Fuel Prices Are Allegedly Cooling Off

With the last several months delivering record-breaking fuel prices, as society endures what has undoubtedly been the largest spike in energy cost and inflation since the 1970s, everyone has been hoping to catch a break this summer. Some have even gotten theirs. While things are still looking exceptionally bleak in the long term, the United States appears to be enjoying a modest reprieve.

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Renault Sells Russian Assets for 1 Rouble, Moscow Takes Over to Revive Moskvitch

News surfaced yesterday that Renault has decided to sell its Russia operations and stake in Lada for the grand sum of 1 rouble (or double that amount, depending on the source). For those playing at home, a single unit of Russian currency is presently worth 1.5 cents in America as of this writing.

Following that announcement, reporters at The Moscow Times said the country quickly nationalized a major factory belonging to Renault, marking one of (if not the) first major transfer of private assets into state control since the invasion of Ukraine.

What does Russia plan to do with the facility? Kickstart production of the Moskvitch, of course.

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U.S. Government Cancels Oil and Gas Leases Amid Record Fuel Prices

Despite the United States confronting some of the highest energy prices in its history, the Biden administration has canceled oil and gas lease sales in the Gulf of Mexico and Alaska’s Cook Inlet.

According to the American Automobile Association (AAA), national fuel prices are averaging out to a whopping $4.43 per gallon of regular gasoline. Diesel is much higher at $5.56 and is speculated to endure mass shortages in the coming months as reports from the Northeast have indicated there are already seeing record-low inventories. Over the past twelve months, fuel prices have risen by nearly $1.50 per gallon and most market analysts expect rates to continue moving upwards through the summer. Though they’re not all in agreement as to who should be blamed for our current predicament.

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VW Plans Mass Culling of Combustion Cars, Loftier Margins

Practically every automaker on the planet has begun signaling a desire to change with the times by collectively revising their business strategies. The new hotness involves lower volumes, higher margins, and electric vehicles with the ability to push connected services allowing manufacturers to charge you piecemeal for just about every feature imaginable.

While Volkswagen Group has been at the forefront of those trends since the 2015 Dieselgate scandal helped force its hand, it often suggested that the shift to EVs would be a boon to low-income families. It was hardly the only automaker to make such promises, nor has it been the first to break them after deciding that perhaps there’s more money to be made with premium vehicles. VW has decided that its ideal strategy involves culling internal combustion vehicles by 60 percent over the next eight years and focusing on higher-margin products yielding superior profitability.

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Auto Industry Assets Could Be Seized by Russian Nationalization

The war in Ukraine continues to have ripple effects.

A new report from industry bible Automotive News suggests Vladimir Putin is considering seizing the assets of automakers who left Russia in the wake of its invasion of Ukraine.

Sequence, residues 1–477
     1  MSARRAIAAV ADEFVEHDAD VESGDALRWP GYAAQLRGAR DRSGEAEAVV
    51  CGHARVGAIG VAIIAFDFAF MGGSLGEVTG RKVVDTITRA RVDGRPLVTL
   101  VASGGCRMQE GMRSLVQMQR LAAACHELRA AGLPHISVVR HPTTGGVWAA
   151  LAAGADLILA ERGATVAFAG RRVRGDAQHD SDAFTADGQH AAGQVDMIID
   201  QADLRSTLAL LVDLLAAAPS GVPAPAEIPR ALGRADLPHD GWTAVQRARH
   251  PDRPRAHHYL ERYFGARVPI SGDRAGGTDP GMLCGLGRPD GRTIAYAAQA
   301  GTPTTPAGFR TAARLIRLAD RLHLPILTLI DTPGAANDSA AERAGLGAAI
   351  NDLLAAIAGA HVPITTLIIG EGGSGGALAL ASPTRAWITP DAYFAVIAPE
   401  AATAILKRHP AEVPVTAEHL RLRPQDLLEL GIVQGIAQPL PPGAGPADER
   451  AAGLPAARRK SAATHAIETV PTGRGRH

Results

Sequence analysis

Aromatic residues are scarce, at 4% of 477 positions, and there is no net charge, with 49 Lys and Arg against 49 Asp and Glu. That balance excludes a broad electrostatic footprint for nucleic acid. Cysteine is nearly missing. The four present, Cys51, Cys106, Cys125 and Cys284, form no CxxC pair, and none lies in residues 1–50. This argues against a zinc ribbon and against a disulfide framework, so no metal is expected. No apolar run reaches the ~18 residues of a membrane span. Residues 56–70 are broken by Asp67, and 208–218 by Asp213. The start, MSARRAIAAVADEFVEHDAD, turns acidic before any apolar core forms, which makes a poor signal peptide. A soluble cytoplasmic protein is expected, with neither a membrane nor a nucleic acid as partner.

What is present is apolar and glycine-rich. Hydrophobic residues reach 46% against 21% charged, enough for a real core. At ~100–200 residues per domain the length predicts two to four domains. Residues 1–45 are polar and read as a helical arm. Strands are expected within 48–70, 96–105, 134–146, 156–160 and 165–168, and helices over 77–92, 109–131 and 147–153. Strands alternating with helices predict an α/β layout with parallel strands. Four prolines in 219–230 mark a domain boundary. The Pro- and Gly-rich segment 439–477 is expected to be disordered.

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What Is the Real Reason for High Gas Prices?

When gas prices spike, we argue.

It’s the current president’s fault. It’s the previous president’s fault. It’s about the Russian invasion of Ukraine, and on and on.

Now Yahoo! Finance columnist Rick Newman suggests that politics and war aren’t the problems, but simple economics are.

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Volkswagen Shifting Production Out of Europe, Into U.S. and China

Volkswagen Group will be moving some of its European production out of the continent and into facilities located in China and the United States, citing the war in Ukraine as the largest contributing factor. Though if you’ve been following the company, it had already signaled a desire to raise its capacity in China ever since the region shifted into becoming its largest market.

In fact, Chief Executive Herbert Diess said during Tuesday’s press call that China will be taking precedence as the automaker reorganizes its manufacturing.

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Alright, Let's Talk About Fuel Prices and How We Got Here

Fuel prices have, like most other things, become totally ridiculous. In the United States, the average rate for a gallon of gasoline has eclipsed $4.00 for the first time in a decade. Though what’s probably the most alarming is how quickly it happened. Plenty of Americans could still find fuel for under $2.00 a gallon in April of 2020, meaning we’ve seen prices effectively double within two years in the United States. Meanwhile, European nations more accustomed to lofty fuel bills have been sounding the warning bells (especially in regard to diesel) for months.

Despite the issue existing long before Russia invaded Ukraine, the war has become the de facto explanation among politicians for why you had to swap to less-fancy dog food and off-brand soda to keep the truck gassed up. This is also influencing the government’s response to how to handle the present fuel crisis, which looks as if it’ll be getting worse before it gets better. But let’s take a look at how we got here before we dive into what’s being done (or not done) about it.

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Russian Grand Prix Off the Grid, At Least For Now

Russia invaded Ukraine this week, and the geopolitical situation is making it difficult to hold international sporting events in Russia, for reasons that should be obvious.

This means that the Russian Grand Prix has been dumped from the 2022 slate.

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Biden to Slash U.S. Fossil Fuel Emissions 52 Percent by 2030